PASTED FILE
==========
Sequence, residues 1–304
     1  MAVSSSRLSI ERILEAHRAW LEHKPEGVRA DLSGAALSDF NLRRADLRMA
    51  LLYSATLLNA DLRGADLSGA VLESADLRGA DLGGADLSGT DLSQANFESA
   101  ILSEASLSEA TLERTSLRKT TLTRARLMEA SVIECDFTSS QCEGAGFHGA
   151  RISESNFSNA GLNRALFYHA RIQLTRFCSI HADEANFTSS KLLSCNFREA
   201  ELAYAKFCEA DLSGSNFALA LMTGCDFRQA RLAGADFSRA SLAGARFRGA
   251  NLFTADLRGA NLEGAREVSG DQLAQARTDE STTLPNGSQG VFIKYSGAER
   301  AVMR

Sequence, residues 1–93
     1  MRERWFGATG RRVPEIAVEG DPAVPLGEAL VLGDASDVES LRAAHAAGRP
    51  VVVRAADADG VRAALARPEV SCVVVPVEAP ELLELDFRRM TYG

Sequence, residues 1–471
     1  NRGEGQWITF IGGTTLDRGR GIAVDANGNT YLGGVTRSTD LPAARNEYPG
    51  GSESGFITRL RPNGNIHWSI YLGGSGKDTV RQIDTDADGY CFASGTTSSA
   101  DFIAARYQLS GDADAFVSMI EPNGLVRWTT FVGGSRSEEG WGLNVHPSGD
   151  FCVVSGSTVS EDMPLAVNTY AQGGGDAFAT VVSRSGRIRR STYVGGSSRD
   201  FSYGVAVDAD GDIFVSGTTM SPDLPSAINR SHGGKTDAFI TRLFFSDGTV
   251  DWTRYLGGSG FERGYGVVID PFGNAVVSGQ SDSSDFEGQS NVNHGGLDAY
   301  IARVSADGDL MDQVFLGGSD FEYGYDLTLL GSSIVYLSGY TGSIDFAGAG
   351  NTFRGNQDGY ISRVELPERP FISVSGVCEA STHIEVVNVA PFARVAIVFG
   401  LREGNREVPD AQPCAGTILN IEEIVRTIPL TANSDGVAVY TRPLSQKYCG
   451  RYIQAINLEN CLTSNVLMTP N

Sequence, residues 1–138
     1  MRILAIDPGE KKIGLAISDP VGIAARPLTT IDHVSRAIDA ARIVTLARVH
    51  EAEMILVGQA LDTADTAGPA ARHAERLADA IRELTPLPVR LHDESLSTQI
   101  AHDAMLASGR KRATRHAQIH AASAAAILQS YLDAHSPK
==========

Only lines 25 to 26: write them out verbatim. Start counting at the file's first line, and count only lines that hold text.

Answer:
    51  EAEMILVGQA LDTADTAGPA ARHAERLADA IRELTPLPVR LHDESLSTQI
   101  AHDAMLASGR KRATRHAQIH AASAAAILQS YLDAHSPK